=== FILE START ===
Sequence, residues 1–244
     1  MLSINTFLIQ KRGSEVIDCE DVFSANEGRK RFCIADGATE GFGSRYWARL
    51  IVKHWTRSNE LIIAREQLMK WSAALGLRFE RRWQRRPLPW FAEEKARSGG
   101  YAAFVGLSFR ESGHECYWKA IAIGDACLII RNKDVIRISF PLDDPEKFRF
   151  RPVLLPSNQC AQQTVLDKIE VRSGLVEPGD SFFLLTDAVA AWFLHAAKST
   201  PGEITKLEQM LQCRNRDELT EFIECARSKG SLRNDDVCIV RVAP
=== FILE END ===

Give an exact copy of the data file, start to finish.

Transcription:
Sequence, residues 1–244
     1  MLSINTFLIQ KRGSEVIDCE DVFSANEGRK RFCIADGATE GFGSRYWARL
    51  IVKHWTRSNE LIIAREQLMK WSAALGLRFE RRWQRRPLPW FAEEKARSGG
   101  YAAFVGLSFR ESGHECYWKA IAIGDACLII RNKDVIRISF PLDDPEKFRF
   151  RPVLLPSNQC AQQTVLDKIE VRSGLVEPGD SFFLLTDAVA AWFLHAAKST
   201  PGEITKLEQM LQCRNRDELT EFIECARSKG SLRNDDVCIV RVAP